No visible friends

Screenshot anime Baby Steps

“It’s like they’re not even in the same dimension…” That’s why my friends are invisible friends, even when they are not imaginary friends.

The “Science of Happiness” MOOC (online course) from Berkeley continues to presuppose that its students are humans. This is by and large a reasonable assumption. But I just finished the second week on Tuesday and it still does not apply to me.

The new “happiness exercise” this week was Active Listening. In this, you sit down with a friend or loved one and “invite him or her to share what’s on his or her mind. As he or she does so, try to follow the steps below. You don’t need to cover every step, but the more you do cover, the more effective this practice is likely to be.”
1. Paraphrase.
2. Ask questions.
3. Express empathy.
4. Use engaged body language.
5. Avoid judgment.
6. Avoid giving advice.

Somehow I think my coworkers would freak out if I tried any of that. While one of them occasionally rants about colleagues, our relationship is not quite such that we sit down and go through his problems. More’s the pity, since I am a great listener, except for the body language which is more detached than you might want.

Coworkers is as close as I come these days. I only know a few who I work with regularly over a long time. I don’t have any other visible friends. I do have relatives, but we don’t see each other every year. All the rest of my friends are invisible friends, even those who happen to have a body at this time. In most cases, those bodies are in foreign countries and I have never seen them except in photos, sometimes not in photos either. I have had comrades of whom I did not know their fleshworld gender, age, skin color or citizenship. Some presented themselves as characters in an online roleplaying game. Some took on the features of vaguely humanoid animals (anthropomorphs). I haven’t really seen this as a problem.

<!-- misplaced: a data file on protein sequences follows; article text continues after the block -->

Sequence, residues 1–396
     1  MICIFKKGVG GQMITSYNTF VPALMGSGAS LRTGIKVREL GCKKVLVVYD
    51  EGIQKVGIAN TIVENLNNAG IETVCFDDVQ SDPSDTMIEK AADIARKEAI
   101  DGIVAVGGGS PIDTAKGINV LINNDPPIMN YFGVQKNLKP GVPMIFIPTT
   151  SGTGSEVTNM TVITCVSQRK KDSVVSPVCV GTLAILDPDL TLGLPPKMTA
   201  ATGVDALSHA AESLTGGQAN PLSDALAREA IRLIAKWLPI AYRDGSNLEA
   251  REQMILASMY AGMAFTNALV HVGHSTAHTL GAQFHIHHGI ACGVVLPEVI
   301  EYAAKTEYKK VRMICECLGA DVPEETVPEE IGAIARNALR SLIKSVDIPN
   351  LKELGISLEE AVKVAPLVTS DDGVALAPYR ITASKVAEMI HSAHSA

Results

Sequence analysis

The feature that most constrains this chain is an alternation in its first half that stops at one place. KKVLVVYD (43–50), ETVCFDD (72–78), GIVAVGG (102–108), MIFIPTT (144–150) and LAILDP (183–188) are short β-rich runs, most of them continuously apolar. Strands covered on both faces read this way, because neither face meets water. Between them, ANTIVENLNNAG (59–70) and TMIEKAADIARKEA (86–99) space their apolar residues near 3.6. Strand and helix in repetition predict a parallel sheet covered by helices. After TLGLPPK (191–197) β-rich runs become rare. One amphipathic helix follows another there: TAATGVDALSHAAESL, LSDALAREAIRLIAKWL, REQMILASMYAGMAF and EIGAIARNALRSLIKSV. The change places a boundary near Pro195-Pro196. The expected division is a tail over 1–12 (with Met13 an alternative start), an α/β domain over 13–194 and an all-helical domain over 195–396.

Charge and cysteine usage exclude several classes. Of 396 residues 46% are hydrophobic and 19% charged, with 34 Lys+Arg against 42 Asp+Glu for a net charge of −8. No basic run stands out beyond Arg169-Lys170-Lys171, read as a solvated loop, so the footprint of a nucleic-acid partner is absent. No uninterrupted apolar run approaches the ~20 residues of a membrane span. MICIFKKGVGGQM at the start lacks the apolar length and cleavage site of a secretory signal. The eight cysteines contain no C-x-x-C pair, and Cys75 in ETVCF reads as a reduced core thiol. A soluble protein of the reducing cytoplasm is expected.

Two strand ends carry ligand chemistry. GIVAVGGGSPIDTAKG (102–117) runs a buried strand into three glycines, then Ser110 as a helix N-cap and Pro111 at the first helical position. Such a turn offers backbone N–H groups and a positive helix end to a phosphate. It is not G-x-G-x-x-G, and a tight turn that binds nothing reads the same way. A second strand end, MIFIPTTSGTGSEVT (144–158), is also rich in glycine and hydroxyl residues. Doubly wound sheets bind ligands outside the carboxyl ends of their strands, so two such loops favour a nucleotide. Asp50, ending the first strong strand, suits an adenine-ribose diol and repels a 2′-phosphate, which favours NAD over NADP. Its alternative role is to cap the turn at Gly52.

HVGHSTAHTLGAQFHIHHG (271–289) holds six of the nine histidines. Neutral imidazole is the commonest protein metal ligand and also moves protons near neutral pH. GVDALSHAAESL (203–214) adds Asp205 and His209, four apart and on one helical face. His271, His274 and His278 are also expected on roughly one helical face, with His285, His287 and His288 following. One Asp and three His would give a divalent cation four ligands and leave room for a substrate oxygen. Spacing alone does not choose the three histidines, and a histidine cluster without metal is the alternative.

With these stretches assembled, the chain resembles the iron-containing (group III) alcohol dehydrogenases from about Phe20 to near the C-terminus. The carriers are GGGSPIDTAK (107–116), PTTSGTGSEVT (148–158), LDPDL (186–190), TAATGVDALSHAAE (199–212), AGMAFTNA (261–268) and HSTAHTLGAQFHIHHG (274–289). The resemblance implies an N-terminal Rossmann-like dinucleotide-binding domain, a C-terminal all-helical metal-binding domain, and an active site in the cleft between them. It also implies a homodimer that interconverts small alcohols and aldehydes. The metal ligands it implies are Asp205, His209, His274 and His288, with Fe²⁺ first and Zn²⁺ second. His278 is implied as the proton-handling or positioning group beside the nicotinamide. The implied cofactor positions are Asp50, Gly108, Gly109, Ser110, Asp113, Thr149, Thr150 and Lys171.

I guess it makes sense for materialists to focus on the body, which is after all made of matter. But as for me, I cannot clearly remember a time when I mistook my body for my true self. I probably did when I was a toddler, but we are not supposed to remain toddlers. By the same tokens, it does not make sense for me to mistake my friends for bodies, which is one reason why I felt at home on the Internet pretty much from the start.

Between this and my Invisible Friend and family from Heaven, there hasn’t really been much motivation for me to seek out and try to befriend neighbors and random townies. But my sims do this. They also have a lot of options for conversation, although not quite the same list as above. Too bad, or I could have tested it on them. It would certainly be easier than testing them on myself. But you are probably a more normal human, perhaps you want to give it a try, if you don’t do this already?

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